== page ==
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Top 12 Lessons Learned of High Fidelity Wraparound
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We have learned hundreds of lessons about successful wraparound training, coaching, and implementation. Here are our “Top Twelve”:

  1. The first focus must be on outcomes and fidelity. Teaching people about principles, phases and activities and related topics often does not change practice. Focusing on actual interactions with youth and families is critical to move to higher fidelity.

  2. The greatest enemy of high fidelity wraparound is drift. Even passionate, skilled wrap staff will quickly drift back to case management unless there is ongoing monitoring of fidelity to the NWI Principles and Phases and Activities.

  3. Wraparound is first about youth and family voice and choice. Consistently, program evaluations find the biggest threat to good outcomes for youth with SED and their families is lack of engagement. These youth and families often drop out of services or do not follow through with recommendations. Wraparound works because it focuses on what is important to the youth and family, not on deficits determined by “professional” staff.

  4. It is about culture. Of all the wraparound principles, cultural competence may be the most critical to really engage youth and families. If the training and coaching is not culturally competent to the setting wraparound is done in, it is not embraced by the community. If the wraparound plan is not based on the assessed family culture of the wrap family, the family does not recognize the plan as theirs. Unfortunately, few staff have ever been taught to assess community and family culture and use the information in working with the family.

  5. “Training only” models do not work. Coaching and proof of skill acquisition (credentialing) must accompany innovation. In this proposal, VVDB uses the term credentialing to mean that all skill acquisition must be tested, documented and monitored. We use credentialing as a mechanism for ensuring that wraparound staff know the Principles, the Phases and Activities, and the 96 skills, can do them consistently, and are monitored over time by the local coach. The VVDB expert coaches will train the Mass mentors and local coaches for both ICCS and CPPS who will then carry out credentialing.

  6. The Family Partner role is a non-negotiable. Often families in wraparound have had “bad” experiences with the system and have trouble partnering with professional staff to truly express their voice and choice. Other parents who have had similar challenges and successfully navigated the system are able to form a stronger empathetic link and can be more successful engaging these families in the process. Wraparound is based on a premise of “support first,” rather than “formal treatment first.” The person who has support in their life looks very different than someone without support. For those who have lost their own supports, Family Partners are crucial to build short term supports while the natural supports of the family are rebuilt.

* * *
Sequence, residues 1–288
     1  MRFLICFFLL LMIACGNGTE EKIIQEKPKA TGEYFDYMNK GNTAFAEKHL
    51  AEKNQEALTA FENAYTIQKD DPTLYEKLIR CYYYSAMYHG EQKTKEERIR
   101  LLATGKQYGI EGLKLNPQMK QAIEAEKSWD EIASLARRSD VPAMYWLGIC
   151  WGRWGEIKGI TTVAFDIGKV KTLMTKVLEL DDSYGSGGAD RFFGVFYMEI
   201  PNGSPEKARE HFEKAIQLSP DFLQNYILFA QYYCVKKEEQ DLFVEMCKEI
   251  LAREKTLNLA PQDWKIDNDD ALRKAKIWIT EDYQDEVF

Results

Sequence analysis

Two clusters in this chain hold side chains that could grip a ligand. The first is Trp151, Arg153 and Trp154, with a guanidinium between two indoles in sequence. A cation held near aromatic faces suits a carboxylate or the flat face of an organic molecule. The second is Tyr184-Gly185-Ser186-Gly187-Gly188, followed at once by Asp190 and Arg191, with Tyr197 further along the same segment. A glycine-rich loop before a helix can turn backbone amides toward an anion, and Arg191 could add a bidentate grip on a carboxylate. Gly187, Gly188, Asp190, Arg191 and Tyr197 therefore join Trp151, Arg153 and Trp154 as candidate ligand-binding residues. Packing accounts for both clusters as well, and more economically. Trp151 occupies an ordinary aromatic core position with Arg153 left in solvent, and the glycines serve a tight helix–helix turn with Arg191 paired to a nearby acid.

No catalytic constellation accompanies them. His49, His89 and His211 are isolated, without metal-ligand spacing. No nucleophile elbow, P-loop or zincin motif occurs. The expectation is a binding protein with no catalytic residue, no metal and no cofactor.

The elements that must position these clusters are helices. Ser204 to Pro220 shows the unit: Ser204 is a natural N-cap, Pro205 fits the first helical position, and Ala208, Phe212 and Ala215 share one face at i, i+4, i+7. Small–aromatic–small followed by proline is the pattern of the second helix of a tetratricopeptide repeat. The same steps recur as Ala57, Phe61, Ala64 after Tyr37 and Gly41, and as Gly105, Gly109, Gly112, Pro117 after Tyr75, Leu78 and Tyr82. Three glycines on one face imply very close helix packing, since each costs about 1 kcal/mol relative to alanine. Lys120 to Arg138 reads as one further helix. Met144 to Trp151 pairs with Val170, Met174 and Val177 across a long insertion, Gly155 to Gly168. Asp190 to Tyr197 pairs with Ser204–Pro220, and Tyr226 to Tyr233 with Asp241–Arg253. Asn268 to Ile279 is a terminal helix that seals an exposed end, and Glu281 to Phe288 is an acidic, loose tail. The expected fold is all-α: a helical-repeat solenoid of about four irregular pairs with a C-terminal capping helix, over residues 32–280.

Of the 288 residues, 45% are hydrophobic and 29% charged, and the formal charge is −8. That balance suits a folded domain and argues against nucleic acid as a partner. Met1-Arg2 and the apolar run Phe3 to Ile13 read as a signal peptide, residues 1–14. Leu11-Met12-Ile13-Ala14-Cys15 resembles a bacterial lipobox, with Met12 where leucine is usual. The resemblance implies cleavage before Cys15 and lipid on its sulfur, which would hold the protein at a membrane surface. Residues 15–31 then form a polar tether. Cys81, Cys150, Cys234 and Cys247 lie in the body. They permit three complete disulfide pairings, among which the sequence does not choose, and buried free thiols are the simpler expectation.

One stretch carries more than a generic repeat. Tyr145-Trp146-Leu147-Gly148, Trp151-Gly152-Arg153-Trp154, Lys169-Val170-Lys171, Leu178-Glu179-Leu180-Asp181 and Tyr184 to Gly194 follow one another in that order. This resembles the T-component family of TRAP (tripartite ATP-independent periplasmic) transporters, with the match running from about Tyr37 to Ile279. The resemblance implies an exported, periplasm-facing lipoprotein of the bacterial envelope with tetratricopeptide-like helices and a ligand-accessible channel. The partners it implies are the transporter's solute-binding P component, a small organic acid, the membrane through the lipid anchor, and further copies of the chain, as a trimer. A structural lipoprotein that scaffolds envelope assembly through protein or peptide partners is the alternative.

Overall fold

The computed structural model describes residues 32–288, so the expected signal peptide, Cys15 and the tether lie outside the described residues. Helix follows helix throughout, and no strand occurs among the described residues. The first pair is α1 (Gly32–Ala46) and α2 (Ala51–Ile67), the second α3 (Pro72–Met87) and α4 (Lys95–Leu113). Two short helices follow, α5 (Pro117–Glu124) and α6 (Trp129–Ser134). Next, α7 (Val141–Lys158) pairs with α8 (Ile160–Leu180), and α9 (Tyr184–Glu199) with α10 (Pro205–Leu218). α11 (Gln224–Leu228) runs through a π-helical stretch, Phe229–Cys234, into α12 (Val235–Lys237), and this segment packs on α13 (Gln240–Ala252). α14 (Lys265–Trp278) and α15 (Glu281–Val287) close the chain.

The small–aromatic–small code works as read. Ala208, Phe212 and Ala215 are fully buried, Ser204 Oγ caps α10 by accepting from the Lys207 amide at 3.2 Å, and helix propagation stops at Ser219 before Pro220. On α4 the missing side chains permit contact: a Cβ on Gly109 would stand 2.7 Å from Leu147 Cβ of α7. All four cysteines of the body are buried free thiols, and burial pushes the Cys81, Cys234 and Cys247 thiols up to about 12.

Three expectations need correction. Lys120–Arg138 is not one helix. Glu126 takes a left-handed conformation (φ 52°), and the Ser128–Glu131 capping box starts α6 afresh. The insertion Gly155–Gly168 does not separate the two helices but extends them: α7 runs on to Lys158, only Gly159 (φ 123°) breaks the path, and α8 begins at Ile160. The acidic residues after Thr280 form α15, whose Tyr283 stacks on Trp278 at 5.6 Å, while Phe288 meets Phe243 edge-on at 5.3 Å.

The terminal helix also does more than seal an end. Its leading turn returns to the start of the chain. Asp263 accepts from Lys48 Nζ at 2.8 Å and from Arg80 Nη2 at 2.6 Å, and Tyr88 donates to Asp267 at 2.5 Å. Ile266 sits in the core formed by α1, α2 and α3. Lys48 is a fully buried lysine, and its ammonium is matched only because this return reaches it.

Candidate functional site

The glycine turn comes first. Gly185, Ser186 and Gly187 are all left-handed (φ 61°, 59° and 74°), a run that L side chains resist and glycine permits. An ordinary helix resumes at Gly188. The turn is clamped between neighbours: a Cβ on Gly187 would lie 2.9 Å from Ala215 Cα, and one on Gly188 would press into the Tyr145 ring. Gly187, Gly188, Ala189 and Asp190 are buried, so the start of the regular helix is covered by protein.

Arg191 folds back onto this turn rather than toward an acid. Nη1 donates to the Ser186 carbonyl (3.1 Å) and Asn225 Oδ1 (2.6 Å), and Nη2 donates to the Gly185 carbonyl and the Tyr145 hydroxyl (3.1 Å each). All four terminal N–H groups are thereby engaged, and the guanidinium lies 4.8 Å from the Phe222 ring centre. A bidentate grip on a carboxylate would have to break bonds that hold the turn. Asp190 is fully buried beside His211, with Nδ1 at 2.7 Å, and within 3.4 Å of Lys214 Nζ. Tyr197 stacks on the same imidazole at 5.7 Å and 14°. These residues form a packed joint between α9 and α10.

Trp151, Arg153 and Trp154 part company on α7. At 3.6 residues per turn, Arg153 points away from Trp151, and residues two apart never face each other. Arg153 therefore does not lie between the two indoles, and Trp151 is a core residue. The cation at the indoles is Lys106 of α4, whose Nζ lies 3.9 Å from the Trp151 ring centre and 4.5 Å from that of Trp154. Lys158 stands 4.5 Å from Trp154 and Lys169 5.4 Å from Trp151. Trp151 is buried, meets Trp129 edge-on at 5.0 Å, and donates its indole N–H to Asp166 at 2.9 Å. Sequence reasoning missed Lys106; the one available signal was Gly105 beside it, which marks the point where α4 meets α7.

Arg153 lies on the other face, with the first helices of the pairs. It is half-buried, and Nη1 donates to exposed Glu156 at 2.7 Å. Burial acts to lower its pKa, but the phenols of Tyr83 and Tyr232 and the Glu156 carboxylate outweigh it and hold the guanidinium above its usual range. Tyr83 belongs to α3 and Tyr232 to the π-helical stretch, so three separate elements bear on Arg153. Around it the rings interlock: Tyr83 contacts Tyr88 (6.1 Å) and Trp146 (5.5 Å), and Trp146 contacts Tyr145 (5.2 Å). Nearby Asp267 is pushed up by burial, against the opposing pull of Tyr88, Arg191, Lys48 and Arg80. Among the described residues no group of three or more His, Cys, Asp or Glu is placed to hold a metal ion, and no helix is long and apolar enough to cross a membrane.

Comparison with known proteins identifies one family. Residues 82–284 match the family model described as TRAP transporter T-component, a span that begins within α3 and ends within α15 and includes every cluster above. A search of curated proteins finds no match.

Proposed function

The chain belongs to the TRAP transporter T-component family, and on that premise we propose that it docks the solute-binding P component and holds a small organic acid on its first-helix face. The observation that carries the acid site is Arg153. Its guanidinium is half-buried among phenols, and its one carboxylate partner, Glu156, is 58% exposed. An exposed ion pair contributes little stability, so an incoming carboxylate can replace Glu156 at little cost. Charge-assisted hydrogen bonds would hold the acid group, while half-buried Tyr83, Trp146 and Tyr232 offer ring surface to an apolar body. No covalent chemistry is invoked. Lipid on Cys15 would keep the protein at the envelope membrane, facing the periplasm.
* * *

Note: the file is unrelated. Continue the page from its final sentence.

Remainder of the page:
7. Effective supervision is crucial to success. Our experience is that many supervisors are not taught strengths-based supervision, nor taught to be skill coaches of their staff. Adequate supervision of Care Coordinators and Family Partners (CPPS) means that the staff receive regular effective supervision that mirrors the high fidelity wraparound principles.

  8. Continuous Quality Improvement must occur. We think that monitoring of fidelity and outcomes must be institutionalized within the local system of care (SOC). This monitoring is one of the basic tools in creating a culture of learning and community of practice that strives to support continual learning and improvement.

  9. Training which is structured correctly helps minimize the coaching needed. VVDB has followed and embraced the work of the educator/learning researcher, Dr. Bruce Joyce. Dr. Joyce says that training which closely approximates the environment which skills will be practiced in is more effective training. VVDB uses the concept of multiple repetitions in multiple learning styles with behavioral rehearsals in training, which are an enhanced form of role play where pairs and small groups approximate the setting of the behaviors and focus on the skills used in those settings.

  10. Skill sets are crucial. It is important to remember that when training, VVDB presents the skills in sequence, as separate skills. However, experienced wraparound, Care Coordinators and Family Partners are able to blend a cluster of skills into one interaction. The skills are broken down into detailed actions so that a coach or a supervisor can ensure staff possess each vital skill.

  11. Individualization is crucial. It is also important for staff to remember the skill sets may have to be individualized based on family needs. VVDB teaches the skills in a set sequence that matches the National Wraparound Initiative Phases and Activities, with the understanding that the need for individualization comes first.

  12. Evidence-Based Practice and Practice-Based Evidence are crucial. Most states now regard high fidelity as evidence-based practice. It is also essential, when formal services are part of a wraparound plan, that those services be based on scientific evidence of effectiveness. For example, standard talk therapy has been shown to have limited outcomes. However, Functional Family Therapy, one of the evidence based practices, can be an essential part of an overall wraparound plan. Practice-based evidence which is based on the norms of a community or family culture is also essential to outcomes. VVDB teaches high fidelity staff to use Evidenced-Based Practices as part of wraparound, and to assess and use Practice-Based Evidence.



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